Sarah Ulfelder ’19 echoed Poreseky, noting that while studying for exams she also has homework in some courses. “Teachers are still moving ahead with new content, even as we are having exams,” she said. “This adds to my stress, especially as I am preparing for exams that can count for up to 20% of my overall grade.” 

Neudel has requested that teachers to go light on homework this week. Moreover, the Student Family Handbook outlines policies and expectations for how midterms should occur this semester.  

To help ensure that assessments are spread evenly over time and that students do not need to study for tests over December break, all classes will be assigned a specific day to give a test in class, and tests must be completed before break. Any projects assigned will be due during the last week of the semester with no assessments allowed during the week that School resumes after break. – Student Family Handbook

But Upper School Senate President Stone McLaren ’18 said that the new system doesn’t give sufficient time for exams.  

“Even with a 70-minute block, that’s not enough time to take an exam that two years ago students had two hours to take—more if they had extra time,” McLaren said. “Now, it’s also a lot of work and stress for students who need to find extra time.”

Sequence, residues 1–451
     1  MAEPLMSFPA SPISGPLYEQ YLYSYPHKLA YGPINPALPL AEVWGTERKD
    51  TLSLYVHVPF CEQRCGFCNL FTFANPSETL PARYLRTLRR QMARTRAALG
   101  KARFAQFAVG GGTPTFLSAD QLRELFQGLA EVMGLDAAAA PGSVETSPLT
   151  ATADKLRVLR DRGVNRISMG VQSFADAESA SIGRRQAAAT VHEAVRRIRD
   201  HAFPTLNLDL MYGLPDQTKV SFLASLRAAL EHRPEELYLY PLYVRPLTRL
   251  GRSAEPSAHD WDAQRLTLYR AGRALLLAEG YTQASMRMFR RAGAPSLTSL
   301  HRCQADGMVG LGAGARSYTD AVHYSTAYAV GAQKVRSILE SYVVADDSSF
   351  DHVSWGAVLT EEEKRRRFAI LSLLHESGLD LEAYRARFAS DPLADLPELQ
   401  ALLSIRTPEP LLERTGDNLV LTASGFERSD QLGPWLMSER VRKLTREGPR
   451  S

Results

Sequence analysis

McLaren says that while it’s too late to make any changes this year, he would like to survey students about how they feel about midterms moving forward. 

Other students prefer the new midterm system.  

“With the traditional midterm week, I had to study for a huge exam for every course I took, while now I have a mix of tests and projects,” said T.C. Ye ’19. 

Matthew Ayres ’18 said that the exams are shorter, which makes studying easier because they tend to cover less material. “This takes some stress off of my shoulders, while my improving my learning,” he said.  

Underclassmen seem to be more in favor of the change, though they have not experienced a traditional midterm week.  

“Teachers are spreading out the tests evenly so we aren’t stressing ourselves out for multiples tests on a given day,” said Ana Forgit ’21. “I like this system better, especially for that reason.”  

Jacob Mejia Levy ’21 also likes the new system.  “If this week were all tests, we wouldn’t be able to work on our Chaucer exhibition, which is set to take place in January. We need this time to prepare,” he said.  

Not everyone agrees.  

Claire Masterson ’20 would rather take exams and not have to worry about classes. “By the end of the day, you’re exhausted. It’s stressful having a lot more classes during the week with exams,” she said.   

English teacher Donald Reese says that the new system serves as a “pretty good solution” to the two weeks left of the semester upon return from winter break. 

“It gives teachers the option of an assessment or a project,” Reese said. “If you have a test you can take it while it’s still fresh in your mind, and if you have a project you have some more time to work on it.”  

Associate Head of Academic Affairs Joe Iuliano said that it’s possible that a standard assessment week could return. 

“Once you get to the third year you have enough of a track record to make a good assessment on what you’re doing,” Iuliano said. “We can see how it’s working, and then it’s a good time to reassess.”